Daily Rules, Proposed Rules, and Notices of the Federal Government
The current FIPS 140-2 standard can be found at:
In 2005, NIST announced that it planned to develop FIPS 140-3 and solicited public comments on new and revised requirements for cryptographic systems. On January 12, 2005, a notice was published in the
Using the comments received in response to the July 13, 2007, notice and the feedback on requirements for software cryptographic modules obtained during the March 18, 2008, “FIPS 140-3 Software Security Workshop,” NIST developed the “Revised Draft FIPS 140-3” (hereafter referred to as “2009 Draft”), that was announced in the
The comments received in response to the December 11, 2009, request for comments suggested either modifying requirements or applying the requirements at a different security level. Some comments asked for clarification of the text of the standard, and some recommended editorial and formatting changes. None of the comments received opposed the approval of a revised standard.
During the process of addressing the public comments received in response to the Request for Comments published in the
4.2.2Trusted Channel—the comments suggested that NIST should not mandate the implementation of a trusted channel at Security Level 3 and
4.3.1Trusted Role—the comments raised a variety of different concerns, reflecting different interpretations of the purpose of the Trusted Role. To address these concerns NIST is proposing the deletion of the Trusted Role and replacement with a Self-initiated Cryptographic Capability, configured and activated by the Crypto Officer that would be preserved over rebooting or power cycling of the module. The capability would provide the module with the ability to perform cryptographic operations including Approved and Allowed security functions without external operator request. NIST would appreciate comments on the proposed approach.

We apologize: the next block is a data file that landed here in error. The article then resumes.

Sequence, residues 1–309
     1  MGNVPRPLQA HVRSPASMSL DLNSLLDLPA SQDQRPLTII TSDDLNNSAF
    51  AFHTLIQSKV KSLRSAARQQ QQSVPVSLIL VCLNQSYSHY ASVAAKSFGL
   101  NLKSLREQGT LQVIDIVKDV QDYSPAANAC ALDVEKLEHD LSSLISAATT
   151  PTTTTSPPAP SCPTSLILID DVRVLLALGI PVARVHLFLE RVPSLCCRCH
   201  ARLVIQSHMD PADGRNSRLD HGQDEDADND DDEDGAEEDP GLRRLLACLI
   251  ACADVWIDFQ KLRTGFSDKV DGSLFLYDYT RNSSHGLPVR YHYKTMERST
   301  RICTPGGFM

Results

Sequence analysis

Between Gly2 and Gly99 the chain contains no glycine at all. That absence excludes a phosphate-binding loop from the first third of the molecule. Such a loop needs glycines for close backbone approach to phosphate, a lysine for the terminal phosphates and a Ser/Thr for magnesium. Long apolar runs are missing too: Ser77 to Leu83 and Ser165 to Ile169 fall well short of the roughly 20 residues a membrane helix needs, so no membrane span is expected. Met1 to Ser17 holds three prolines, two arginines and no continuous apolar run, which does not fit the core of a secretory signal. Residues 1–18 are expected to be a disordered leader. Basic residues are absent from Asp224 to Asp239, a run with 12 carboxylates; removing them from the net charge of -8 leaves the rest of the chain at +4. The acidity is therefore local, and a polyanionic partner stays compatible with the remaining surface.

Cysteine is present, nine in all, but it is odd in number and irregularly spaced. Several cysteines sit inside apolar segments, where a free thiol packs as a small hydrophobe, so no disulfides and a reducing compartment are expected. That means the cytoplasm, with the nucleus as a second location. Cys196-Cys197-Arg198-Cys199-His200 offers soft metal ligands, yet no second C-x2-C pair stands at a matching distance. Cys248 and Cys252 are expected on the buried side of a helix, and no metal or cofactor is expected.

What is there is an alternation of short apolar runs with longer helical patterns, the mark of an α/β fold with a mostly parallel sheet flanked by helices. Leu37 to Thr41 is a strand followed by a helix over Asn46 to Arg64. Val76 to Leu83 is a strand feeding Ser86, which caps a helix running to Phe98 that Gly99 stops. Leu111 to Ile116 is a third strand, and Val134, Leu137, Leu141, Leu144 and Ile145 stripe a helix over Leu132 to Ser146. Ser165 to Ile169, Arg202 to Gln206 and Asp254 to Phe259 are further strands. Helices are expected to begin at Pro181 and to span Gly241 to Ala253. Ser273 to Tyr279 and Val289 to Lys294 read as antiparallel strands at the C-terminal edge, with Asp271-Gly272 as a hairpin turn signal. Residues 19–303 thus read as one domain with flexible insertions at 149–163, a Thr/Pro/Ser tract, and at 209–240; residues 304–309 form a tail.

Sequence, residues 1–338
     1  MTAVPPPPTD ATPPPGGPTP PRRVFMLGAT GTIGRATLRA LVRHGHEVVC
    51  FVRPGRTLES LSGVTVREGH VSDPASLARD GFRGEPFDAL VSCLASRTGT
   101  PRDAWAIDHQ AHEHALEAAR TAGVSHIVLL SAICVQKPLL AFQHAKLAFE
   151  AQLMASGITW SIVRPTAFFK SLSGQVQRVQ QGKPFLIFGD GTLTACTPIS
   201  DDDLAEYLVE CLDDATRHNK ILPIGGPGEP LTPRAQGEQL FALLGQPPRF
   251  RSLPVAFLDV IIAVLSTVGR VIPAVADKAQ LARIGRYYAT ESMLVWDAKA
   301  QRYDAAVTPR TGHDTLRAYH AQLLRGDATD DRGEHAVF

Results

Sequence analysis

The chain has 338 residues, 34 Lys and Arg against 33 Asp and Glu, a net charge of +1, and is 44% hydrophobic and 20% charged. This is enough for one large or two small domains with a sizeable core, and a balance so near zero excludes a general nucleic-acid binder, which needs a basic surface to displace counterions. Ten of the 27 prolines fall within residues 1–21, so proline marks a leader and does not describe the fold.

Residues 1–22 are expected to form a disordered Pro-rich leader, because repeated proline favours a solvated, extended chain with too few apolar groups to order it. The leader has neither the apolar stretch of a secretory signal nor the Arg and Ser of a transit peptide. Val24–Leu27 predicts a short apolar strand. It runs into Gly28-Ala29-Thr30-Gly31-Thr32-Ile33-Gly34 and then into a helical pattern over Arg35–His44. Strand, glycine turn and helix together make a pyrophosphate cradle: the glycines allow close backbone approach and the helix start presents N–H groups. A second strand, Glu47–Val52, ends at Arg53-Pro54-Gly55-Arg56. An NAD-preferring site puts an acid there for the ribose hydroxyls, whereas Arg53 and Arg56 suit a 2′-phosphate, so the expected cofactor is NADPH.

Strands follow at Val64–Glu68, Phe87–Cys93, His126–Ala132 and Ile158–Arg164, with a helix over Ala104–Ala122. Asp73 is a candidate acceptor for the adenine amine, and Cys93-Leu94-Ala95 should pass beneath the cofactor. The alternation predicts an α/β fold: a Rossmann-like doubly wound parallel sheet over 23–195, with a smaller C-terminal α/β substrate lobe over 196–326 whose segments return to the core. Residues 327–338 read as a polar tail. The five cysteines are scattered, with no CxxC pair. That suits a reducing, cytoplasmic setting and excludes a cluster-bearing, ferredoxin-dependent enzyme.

4.7Physical Security—Non-Invasive Attacks—the comments received suggest substantial changes that would either weaken or strengthen the impact of these requirements. Comments received included stronger security requirements for Security Level 3 and 4, making the section mandatory for all cryptographic modules, including the Security Level for this section as part of the overall Security Level, while other comments suggested not addressing non-invasive attacks within the standard. NIST would appreciate general and specific comments on the requirements to address non-invasive attacks.
4.8.4Sensitive Security Parameter (SSP) Entry and Output—the comments received raised a variety of different concerns, reflecting different interpretations of the requirements on SSPs that are entered into or output from a module. SSP entry and output requirements depend on whether the SSP is entered or output manually or electronically, and whether the SSP is distributed manually or electronically. New technologies have called into question this taxonomy of SSP entry and output methods. NIST would appreciate comments on the most appropriate way to categorize these methods, and the appropriate requirements for each method.
Annex B, Section: Operator Authentication Mechanisms—the comments received indicated that the specification for the strength of the operator's authentication method was incomplete, particularly with respect to biometrics. For biometric authentication, NIST proposes the use of a Liveness Detection method associated with the Session False Match Rate for one attempt and the Generalized False Accept Rate for multiple attempts in one minute. NIST would appreciate comments on the proposed approach.
Comments on sections not specifically listed in this notice will not be considered.
Prior to the submission of the FIPS 140-3 to the Secretary of Commerce for review and approval, it is essential that consideration is given to the needs and views of the public, users, the information technology industry, and Federal, State and local government organizations. The purpose of this notice is to solicit such views on specific sections of the “2009 Draft.”